# On equi-integrability (also called uniform integrability)

Let $$(X, \Sigma, \mu)$$ be a probability space and let $$\mathscr{F}$$ be a norm-bounded subset of $$L^{1}(\mu)$$.

We say that $$\mathscr{F}$$ is equi-integrable if for every $$\epsilon>0$$ there is some $$\delta>0$$ such that for any $$A \in \Sigma$$ with $$\mu(A) \leq \delta$$ and for all $$f \in \mathscr{F}$$, $$\int_{A}|f| d \mu \leq \epsilon$$

Alternatively, being equi-integrable is equivalent to

$$\lim _{C \rightarrow \infty} \sup _{f \in \mathscr{F}}\int_{\{|f|>C\}}|f| d \mu=0 \quad \quad (1)$$

According to Theorem 4.5.6 in Measure Theory by Bogachev we have

If $$f_{n}$$ be a sequence in $$L^{1}(\mu)$$ and for each $$A \in \Sigma$$ the sequence $$\int_{A} f_{n} d \mu$$ has a finite limit, then $$\left\{f_{n}\right\}$$ is bounded in $$L^{1}(\mu)$$ and is equi-integrable.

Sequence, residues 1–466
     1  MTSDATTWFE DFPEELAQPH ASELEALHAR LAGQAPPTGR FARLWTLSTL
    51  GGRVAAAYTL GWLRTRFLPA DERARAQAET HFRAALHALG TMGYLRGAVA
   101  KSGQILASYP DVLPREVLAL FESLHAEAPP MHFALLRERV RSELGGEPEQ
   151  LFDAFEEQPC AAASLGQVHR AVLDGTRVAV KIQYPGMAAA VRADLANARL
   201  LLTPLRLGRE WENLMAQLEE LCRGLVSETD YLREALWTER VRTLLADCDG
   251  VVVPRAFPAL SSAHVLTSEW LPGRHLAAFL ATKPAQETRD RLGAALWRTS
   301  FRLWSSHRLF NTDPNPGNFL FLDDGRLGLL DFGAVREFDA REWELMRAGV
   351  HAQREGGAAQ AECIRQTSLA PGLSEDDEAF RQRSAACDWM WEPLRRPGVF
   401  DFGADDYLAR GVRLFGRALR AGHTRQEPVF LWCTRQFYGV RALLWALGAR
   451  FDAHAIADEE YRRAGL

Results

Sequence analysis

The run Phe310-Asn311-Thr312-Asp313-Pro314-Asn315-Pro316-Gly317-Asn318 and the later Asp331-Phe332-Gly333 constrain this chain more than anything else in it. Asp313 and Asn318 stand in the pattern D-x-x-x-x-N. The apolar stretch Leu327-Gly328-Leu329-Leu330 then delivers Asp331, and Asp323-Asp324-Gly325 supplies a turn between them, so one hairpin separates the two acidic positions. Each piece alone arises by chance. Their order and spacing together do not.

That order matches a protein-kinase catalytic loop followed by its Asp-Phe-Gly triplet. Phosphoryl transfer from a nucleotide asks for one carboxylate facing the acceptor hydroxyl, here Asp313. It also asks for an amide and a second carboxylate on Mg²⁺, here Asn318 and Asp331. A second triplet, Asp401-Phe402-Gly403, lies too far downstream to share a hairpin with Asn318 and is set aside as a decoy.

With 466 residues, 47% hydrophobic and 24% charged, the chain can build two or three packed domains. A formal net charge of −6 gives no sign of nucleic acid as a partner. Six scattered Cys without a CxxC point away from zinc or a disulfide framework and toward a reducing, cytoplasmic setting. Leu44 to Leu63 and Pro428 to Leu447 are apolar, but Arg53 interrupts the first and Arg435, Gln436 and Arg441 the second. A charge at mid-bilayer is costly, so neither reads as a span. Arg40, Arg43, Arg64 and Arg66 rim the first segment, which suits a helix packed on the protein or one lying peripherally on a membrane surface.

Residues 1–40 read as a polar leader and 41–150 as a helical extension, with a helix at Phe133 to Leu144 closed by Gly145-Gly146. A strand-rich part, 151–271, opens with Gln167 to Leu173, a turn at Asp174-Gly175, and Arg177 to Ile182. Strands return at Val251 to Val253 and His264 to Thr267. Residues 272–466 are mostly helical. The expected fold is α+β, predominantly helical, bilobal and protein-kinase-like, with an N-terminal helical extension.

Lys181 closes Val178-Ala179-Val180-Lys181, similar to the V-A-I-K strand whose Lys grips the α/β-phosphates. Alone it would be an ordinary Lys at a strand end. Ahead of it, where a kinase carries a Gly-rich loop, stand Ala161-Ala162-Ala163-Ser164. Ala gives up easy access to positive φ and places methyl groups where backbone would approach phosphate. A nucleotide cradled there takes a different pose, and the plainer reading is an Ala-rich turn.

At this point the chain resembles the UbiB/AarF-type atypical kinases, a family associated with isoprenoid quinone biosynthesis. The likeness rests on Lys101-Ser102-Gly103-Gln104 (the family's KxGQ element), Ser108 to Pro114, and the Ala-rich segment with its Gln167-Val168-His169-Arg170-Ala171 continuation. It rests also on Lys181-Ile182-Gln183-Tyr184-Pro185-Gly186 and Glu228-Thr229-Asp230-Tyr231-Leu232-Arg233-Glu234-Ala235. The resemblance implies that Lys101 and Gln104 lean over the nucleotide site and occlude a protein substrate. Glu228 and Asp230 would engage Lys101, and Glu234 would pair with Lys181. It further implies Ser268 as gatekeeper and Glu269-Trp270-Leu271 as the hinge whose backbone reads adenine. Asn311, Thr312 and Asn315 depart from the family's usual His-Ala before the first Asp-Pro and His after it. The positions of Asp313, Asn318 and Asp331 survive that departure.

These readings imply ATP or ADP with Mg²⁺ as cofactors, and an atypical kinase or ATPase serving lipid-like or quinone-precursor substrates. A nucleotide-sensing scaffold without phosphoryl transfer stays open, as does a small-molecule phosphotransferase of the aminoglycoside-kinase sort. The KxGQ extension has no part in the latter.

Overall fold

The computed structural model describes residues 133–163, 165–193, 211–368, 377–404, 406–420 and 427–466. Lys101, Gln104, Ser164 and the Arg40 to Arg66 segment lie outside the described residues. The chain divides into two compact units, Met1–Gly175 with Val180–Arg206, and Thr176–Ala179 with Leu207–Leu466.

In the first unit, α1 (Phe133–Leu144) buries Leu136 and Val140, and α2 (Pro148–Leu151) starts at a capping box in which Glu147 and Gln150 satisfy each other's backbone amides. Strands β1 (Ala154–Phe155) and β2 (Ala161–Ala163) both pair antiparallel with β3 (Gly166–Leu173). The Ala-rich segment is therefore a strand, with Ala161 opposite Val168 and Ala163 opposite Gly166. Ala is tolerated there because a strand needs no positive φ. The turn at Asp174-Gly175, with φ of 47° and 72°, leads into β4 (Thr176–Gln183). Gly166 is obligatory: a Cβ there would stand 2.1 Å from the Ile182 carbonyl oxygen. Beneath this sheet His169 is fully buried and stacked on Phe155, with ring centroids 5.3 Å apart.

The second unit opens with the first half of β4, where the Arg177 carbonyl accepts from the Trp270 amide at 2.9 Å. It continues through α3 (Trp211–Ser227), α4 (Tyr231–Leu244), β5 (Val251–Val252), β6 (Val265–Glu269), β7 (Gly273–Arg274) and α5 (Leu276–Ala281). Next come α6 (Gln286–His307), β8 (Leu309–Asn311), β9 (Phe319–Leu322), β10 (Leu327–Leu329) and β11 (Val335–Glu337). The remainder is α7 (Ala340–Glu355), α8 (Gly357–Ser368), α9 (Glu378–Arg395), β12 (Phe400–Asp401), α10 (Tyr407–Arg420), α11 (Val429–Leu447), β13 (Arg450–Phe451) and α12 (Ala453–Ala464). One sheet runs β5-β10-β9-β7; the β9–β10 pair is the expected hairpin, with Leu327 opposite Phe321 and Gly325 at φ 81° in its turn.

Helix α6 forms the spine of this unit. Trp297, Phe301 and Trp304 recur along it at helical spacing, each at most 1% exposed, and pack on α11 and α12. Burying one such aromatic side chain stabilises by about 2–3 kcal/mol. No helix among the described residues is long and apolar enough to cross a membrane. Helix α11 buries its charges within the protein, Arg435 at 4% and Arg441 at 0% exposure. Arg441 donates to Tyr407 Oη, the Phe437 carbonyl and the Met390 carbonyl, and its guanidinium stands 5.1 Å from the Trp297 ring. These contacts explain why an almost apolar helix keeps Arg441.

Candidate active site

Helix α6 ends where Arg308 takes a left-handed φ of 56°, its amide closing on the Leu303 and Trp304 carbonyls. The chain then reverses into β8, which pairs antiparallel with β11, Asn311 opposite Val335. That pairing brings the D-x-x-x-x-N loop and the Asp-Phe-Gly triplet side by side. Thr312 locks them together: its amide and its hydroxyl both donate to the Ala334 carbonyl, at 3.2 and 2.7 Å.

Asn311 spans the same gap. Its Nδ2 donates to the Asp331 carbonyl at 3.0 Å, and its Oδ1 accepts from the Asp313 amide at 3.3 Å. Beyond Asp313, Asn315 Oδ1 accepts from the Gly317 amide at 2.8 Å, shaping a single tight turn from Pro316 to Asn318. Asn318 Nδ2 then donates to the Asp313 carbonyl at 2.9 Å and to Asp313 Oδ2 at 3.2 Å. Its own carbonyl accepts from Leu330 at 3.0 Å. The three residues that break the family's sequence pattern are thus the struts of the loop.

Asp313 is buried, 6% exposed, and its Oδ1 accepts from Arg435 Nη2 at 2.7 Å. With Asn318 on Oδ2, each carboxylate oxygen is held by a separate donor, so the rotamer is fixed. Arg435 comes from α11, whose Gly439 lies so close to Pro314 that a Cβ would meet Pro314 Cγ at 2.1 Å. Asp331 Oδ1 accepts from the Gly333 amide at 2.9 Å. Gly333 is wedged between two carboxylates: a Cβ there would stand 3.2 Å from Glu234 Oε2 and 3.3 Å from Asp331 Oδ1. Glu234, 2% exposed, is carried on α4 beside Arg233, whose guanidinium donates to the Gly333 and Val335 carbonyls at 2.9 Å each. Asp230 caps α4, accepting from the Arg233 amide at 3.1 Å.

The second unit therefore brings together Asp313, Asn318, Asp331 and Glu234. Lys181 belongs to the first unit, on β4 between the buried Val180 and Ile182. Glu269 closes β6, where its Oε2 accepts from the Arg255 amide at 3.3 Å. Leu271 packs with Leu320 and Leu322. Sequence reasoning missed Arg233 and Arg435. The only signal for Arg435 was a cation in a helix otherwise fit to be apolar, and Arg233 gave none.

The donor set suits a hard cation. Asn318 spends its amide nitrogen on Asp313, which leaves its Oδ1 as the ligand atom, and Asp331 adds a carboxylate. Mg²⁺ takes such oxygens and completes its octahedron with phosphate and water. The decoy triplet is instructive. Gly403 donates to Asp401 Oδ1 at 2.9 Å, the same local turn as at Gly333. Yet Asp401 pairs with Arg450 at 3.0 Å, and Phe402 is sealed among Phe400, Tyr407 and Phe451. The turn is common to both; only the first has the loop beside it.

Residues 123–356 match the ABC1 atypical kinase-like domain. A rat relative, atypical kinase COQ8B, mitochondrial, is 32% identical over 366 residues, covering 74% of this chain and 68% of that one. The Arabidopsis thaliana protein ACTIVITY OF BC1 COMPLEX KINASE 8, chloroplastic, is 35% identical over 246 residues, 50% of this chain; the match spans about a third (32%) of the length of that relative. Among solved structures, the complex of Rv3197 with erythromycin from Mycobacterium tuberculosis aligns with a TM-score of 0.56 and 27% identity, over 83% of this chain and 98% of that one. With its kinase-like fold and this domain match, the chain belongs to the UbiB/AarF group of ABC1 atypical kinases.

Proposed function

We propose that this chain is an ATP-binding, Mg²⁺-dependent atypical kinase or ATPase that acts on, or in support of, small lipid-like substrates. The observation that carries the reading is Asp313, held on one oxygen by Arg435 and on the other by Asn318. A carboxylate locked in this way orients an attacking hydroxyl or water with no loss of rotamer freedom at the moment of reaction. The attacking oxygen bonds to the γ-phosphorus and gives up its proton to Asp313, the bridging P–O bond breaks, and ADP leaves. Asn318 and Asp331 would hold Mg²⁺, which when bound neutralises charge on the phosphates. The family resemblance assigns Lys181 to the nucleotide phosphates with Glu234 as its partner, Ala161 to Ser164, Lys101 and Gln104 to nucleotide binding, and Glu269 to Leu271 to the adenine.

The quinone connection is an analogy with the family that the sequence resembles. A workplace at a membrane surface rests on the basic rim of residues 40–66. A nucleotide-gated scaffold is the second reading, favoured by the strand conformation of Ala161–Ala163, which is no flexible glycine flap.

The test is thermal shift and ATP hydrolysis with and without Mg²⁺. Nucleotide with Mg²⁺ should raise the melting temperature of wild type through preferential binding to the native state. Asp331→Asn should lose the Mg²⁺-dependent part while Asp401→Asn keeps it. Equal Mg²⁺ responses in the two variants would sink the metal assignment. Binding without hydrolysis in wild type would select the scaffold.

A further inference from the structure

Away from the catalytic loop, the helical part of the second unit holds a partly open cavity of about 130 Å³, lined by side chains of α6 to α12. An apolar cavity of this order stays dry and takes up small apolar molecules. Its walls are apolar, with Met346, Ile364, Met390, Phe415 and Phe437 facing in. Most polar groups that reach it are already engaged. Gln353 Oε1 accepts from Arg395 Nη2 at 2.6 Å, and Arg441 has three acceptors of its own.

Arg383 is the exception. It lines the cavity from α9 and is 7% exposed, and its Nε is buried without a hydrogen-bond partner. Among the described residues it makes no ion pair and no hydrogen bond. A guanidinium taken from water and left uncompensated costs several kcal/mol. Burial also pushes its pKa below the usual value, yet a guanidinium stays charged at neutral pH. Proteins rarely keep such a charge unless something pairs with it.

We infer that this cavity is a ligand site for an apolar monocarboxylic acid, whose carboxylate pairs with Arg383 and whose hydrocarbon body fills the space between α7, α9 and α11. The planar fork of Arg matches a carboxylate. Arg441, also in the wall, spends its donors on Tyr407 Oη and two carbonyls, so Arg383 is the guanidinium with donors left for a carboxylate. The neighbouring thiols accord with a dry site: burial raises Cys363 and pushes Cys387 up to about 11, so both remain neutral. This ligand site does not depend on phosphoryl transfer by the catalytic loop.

I'm confused about the last statement. Consider the sequence $$f_n=n I_{[0,\frac{1}{n}]}$$. It is norm-bounded and it is not equi-integrable as it does not satisfy (1). However, $$\lVert{f_n}\rVert_{L^1}=1$$. This implies that $$\{f_n\}$$ seen as a subset of $$(L^{\infty})^*$$, is bounded in the norm of $$(L^{\infty})^*$$. By Banach-Alaoglu it has a convergent subsequence, that converges to a (potentially only finitely additive) measure $$\nu\in (L^{\infty})^*$$. Therefore, passing to the subsequence, for every $$A\in \Sigma$$, $$\lim_n\int_A f_n d\mu=\lim_n\int f_n I_A d\mu=\int I_A d\nu=\nu(A).$$ Therefore, the subsequence seems to satisfy the hypothesis in Theorem 4.5.6 in Bogachev.

What am I missing?

Thanks!

One defect in your argument is the following: $$L^{\infty}$$ is not separable and the unit ball of its dual is not metrizable in weak* topology. So you can only say that is a sub-net of $$(f_n)$$ which converges which is weaker than Bogachev's hypothesis. The statement by Bogachev is a special case of Vitali-Hahn-Saks Theorem. See p. 158 of Linear operators by Dunford and Schwartz, Vol. 1